Yamaha CL5s Solve Swiss Timing Challenge
Located in the northern Swiss town of Walenstadt, on the shore of the picturesque Walensee, the open air theatre has a capacity of 2000 and a huge, 60m wide by 30m deep, stage. Behind it the surrounding mountains plunge dramatically into the lake, bringing a true sense of grandeur to proceedings.
Sound designer Andreas Brüll was tasked with producing an audioscape that matched the scale of the venue. However, it also meant that a complex delay system was required to ensure the sold-out audiences enjoyed pristine audio quality. Together with audio equipment provider Hyposound AG, whose Christoph Müller was the show’s technical director, Andreas chose a pair of Yamaha CL5 consoles and two Rio 3224-D i/o modules, run in a daisy chain setup, to deliver the required sonic quality.
“We have used Yamaha consoles for many years because of their reliability, excellent facilities at an attractive price and high quality support,” says Hyposound’s Mike Müller. “The range of consoles covers all of our needs and, of course, they are so universal that every engineer knows them.”
Tobias Stritt mixed the production’s 12-piece orchestra on one of the CL5s, while the vocals - 32 channels of radio mics plus three inputs from a vocal booth for additional background vocals - were mixed on the second by ‘Serge’.
“The show’s composer Marc Schubring loves movie sound, so he wanted a really big-sounding production. It was a real challenge with a 12-piece orchestra and meant I had to use a lot of the CL5’s internal effects,” says Tobias. “These included a doubler plus several room reverbs to fatten up the string sounds. The percussion had its own reverb, which blends very nicely with the main orchestral sound. I was also using the Neve Portico Compressors on all outputs.”
Given composer Marc’s desire for a ‘big’ sound, it was somewhat ironic that the scale of the production’s setting provided the biggest technical challenge for the audio team - and is where the flexibility and channel count of the CL5s really came into their own.
The stereo orchestra mix came from loudspeakers located on two towers which flank the stage, while vocals were from a three-point system mounted left, centre and right, integrated in the downstage décor. Four further loudspeakers were used for delays, mounted on poles in the auditorium. These and the LCR vocal system also carried the orchestra mix at low level.
With a stage 60m wide, there were many timing issues to overcome and the audio team had to devise a sophisticated delay setup.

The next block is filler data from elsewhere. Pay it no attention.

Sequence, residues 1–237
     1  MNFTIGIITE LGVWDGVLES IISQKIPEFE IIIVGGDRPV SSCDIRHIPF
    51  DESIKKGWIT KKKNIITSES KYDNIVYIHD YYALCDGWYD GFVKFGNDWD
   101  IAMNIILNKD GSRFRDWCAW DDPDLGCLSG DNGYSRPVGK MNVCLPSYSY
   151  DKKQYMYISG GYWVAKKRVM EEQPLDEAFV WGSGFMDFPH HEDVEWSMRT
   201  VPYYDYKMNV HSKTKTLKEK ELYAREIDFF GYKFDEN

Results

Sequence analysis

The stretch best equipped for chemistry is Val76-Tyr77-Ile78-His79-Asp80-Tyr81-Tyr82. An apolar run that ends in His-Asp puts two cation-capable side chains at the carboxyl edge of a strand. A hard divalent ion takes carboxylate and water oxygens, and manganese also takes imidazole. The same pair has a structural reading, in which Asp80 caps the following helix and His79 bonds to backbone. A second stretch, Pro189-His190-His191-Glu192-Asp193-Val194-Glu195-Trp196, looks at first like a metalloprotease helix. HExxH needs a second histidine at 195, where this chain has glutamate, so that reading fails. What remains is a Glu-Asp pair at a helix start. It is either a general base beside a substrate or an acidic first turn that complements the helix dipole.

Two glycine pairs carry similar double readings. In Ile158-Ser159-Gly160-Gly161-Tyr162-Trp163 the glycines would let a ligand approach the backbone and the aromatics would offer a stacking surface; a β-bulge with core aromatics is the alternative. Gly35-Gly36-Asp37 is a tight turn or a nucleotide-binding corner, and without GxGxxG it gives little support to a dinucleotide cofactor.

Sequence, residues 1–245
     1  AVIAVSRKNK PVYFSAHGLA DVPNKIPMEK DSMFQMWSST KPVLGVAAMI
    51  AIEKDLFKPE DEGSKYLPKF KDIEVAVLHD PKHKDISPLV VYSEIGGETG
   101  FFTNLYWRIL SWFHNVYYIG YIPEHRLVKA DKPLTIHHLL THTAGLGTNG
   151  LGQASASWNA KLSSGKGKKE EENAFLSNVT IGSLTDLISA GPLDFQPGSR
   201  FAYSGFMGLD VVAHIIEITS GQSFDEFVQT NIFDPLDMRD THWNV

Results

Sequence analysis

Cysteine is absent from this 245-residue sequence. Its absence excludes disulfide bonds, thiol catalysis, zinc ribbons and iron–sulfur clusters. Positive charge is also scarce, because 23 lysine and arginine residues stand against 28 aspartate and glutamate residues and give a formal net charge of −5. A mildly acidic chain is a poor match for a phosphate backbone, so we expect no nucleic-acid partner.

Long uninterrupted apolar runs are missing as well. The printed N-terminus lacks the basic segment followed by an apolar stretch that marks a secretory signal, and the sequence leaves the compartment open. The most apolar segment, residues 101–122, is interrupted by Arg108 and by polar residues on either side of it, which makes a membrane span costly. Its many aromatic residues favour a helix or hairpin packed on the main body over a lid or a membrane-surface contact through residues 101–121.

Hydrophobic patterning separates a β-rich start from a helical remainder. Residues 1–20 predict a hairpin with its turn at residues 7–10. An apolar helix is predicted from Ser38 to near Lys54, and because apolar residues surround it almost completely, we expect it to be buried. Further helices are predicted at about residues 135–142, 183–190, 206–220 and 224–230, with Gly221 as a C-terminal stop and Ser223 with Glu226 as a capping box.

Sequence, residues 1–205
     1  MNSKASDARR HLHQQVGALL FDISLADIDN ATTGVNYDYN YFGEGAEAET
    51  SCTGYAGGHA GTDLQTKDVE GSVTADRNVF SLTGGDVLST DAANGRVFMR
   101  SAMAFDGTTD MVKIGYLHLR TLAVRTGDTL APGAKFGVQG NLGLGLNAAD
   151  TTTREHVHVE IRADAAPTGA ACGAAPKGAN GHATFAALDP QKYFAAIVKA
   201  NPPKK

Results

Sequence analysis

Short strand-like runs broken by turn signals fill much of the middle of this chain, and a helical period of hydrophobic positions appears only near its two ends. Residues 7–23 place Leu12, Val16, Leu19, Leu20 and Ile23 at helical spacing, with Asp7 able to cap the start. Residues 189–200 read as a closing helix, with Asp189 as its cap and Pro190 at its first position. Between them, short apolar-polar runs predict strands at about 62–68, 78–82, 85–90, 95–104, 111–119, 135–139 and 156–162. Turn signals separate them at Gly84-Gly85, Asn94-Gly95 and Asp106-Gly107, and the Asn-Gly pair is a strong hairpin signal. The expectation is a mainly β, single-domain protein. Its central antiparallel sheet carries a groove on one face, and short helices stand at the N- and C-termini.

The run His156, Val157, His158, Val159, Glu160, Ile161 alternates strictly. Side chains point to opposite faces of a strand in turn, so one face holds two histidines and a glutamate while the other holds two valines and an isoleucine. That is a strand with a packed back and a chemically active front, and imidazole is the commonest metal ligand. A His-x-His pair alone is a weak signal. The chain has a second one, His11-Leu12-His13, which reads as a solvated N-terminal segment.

“Our approach was to delay the content, rather than the speakers,” says Mike. “Thanks to the amount of channels available on the desks and in the Dante network, the signal distribution was handled via the CL5s.
“The positions of the main vocal loudspeakers were defined as three basic play positions, with the output routing of the vocals being programmed L, C or R on the vocal desk, depending where the actors were on stage. These three outputs were each split seven times, each then being routed to an input channel on the orchestra desk. Input delays are applied to these three sets of seven inputs, in order to achieve the corresponding delay panned image, with each of the seven channels sent to a speaker in the vocal / delay system via the matrix of the orchestra desk.”
Monitoring was slightly more straightforward, the musicians in the orchestra pit using Behringer personal monitor mixing systems fed from direct outs and mixes, routed through a Yamaha MY16-AT ADAT interface in the orchestra CL5.
Onstage monitoring for the actors was provided by customised orchestra mixes, sent from the orchestra desk to the vocal desk and distributed to 17 monitors integrated within the set. “Again, due to the actors often being some distance from the main music system, a split and delayed channel was used when appropriate to match the main system’s timing,” says Mike.
Naturally, the complexity of the setup meant that the entire production had to be programmed on the CL5s, the vocal desk having 160 scenes and the orchestra desk 50.
“As with all shows, the director was involved with artistic issues at the point where we had to start putting things together. So one of the big challenges was to get all the information we needed for pre-programming - for example which actor would be singing and where they would be on stage. In addition, it is always difficult to find good positions for monitors, since nobody wants to see them on the set,” says Serge.
However, thanks to some excellent team work and helpful technology like Yamaha’s StageMix iPad app, the system has worked flawlessly.
“In previous years sound designers have struggled with delay panning, even on smaller stages,” says technical director Christoph. “But not this time. The timing was perfectly under control the whole time, thanks to the CL5 and the hard work of the sound team. Together they were a fantastic combination.”
Tobias and Serge were also very happy with using the CL5s. “The CL series custom fader bank is a great new feature. It’s a very intuitive console to use and has all the features I need to produce a high quality orchestra mix,” says Tobias.
Serge agrees, adding “The CL5’s logic is very easy and understandable. The addition of Nuendo Live has also made a big difference. We often did rehearsals while the band and some of the actors weren’t present. In early rehearsals we used the Audinate Virtual Soundcard with Cubase to record the rehearsals and soundcheck. The release of Nuendo Live was a big step forward - with it we could fly everything in very easily. The Scene-Recall Link function also makes finding the correct playback position super easy.”
The most succinct appraisal of the CL5’s success comes from Marco Wyss, CEO of TSW Musical AG, which staged Tell - Das Musical. After the show’s debut he summed up his impression by saying “The premiere sounded amazing!”